“When I started to write, the idea was very small, just an image, not an idea actually. A man who is 30, cooking spaghetti in the kitchen, and the telephone rings — that's it. It's so simple, but I had the feeling that something was happening there.” This class will focus on the distinctively modern literary genre of the short story. We will read a variety of examples, starting from the early 19th century, and as we move forward chronologically and expand out geographically, we will see how new generations of writers tailored the genre to fit their needs. We will investigate why short stories emerged in the way they did in the 19th and 20th centuries, as well as the particular challenges of writing in this format. Authors may include: Balzac, Chekhov, Poe, Melville, James, Kafka, Joyce, Borges, Wright, O'Connor, Fowles, and Murakami (who is quoted above). Requirements: three essays and occasional quizzes.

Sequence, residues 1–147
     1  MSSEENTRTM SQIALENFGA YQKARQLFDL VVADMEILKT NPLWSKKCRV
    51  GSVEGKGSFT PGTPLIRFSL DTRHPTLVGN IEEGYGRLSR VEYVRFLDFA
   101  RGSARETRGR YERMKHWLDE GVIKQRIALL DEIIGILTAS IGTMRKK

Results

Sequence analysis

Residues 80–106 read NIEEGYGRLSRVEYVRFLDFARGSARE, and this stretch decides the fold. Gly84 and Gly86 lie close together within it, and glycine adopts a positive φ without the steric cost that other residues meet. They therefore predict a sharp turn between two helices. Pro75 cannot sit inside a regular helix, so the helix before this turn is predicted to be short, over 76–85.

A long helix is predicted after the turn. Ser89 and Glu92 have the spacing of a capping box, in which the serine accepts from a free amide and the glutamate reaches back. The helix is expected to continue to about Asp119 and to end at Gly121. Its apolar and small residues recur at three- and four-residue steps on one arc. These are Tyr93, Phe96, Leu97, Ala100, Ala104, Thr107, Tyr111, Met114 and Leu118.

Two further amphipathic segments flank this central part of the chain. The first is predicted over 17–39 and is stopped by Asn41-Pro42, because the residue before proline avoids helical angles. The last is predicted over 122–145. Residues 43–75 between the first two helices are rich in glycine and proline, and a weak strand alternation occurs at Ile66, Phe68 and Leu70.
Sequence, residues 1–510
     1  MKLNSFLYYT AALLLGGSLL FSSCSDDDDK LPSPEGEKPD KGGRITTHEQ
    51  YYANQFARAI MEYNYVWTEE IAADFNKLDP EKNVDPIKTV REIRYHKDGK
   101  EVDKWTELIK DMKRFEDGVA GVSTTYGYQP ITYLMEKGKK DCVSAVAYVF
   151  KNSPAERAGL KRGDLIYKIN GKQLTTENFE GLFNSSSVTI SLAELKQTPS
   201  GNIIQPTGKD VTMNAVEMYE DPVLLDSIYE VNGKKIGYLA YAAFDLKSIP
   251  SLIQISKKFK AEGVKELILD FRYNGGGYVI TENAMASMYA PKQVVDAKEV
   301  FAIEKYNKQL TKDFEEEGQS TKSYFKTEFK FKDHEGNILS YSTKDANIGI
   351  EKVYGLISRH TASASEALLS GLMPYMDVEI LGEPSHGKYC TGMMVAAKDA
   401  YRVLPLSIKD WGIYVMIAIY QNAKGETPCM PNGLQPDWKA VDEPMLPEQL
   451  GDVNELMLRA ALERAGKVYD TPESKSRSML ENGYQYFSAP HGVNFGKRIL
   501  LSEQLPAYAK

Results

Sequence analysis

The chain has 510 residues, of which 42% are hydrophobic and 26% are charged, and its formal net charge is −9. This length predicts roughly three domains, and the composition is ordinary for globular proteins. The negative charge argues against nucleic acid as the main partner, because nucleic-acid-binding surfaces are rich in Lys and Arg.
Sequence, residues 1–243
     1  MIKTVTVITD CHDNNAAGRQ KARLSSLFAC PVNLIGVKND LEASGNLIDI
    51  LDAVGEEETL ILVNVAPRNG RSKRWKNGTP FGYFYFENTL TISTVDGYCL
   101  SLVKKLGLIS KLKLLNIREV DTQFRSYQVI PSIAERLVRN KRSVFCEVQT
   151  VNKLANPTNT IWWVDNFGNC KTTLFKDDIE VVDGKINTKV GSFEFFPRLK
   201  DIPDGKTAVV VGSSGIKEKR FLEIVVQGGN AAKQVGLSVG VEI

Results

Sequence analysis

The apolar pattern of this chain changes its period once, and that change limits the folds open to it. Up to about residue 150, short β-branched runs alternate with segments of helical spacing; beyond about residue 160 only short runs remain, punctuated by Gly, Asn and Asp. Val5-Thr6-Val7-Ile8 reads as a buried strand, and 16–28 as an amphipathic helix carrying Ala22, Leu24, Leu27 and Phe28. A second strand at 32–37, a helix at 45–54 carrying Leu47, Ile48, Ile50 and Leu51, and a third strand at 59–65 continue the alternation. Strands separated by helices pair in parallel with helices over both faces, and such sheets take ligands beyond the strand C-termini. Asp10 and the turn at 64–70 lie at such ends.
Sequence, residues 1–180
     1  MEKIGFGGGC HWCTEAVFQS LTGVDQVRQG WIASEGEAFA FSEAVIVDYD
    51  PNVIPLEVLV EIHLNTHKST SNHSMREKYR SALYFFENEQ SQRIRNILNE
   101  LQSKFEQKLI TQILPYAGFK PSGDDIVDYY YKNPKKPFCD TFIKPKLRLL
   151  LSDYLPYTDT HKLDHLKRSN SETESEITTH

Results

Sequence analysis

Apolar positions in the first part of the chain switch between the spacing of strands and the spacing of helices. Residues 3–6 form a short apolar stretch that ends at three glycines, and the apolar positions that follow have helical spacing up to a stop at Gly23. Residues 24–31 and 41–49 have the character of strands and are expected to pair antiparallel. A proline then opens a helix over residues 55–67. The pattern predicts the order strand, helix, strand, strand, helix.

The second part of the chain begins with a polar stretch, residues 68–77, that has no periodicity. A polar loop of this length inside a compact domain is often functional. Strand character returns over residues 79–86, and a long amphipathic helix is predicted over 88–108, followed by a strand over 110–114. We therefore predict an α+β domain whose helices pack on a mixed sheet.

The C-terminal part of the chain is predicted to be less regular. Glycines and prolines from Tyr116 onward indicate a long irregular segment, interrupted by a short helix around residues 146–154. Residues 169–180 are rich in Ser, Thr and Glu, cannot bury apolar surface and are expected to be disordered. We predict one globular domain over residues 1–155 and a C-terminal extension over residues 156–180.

This course explores the Mexican American literary tradition beginning with Aztec accounts of the Spanish conquest through the era of contemporary Mexican American literature. We will examine representative texts from major periods in the development of the Mexican American literary tradition (pre-conquest, conquest, colonial, early US, and contemporary). We will analyze recurring themes, issues of language and place, as well as the impact of the Chicano/a movement, and the delineation of the Aztlán homeland as both a rhetorical and a cultural concept.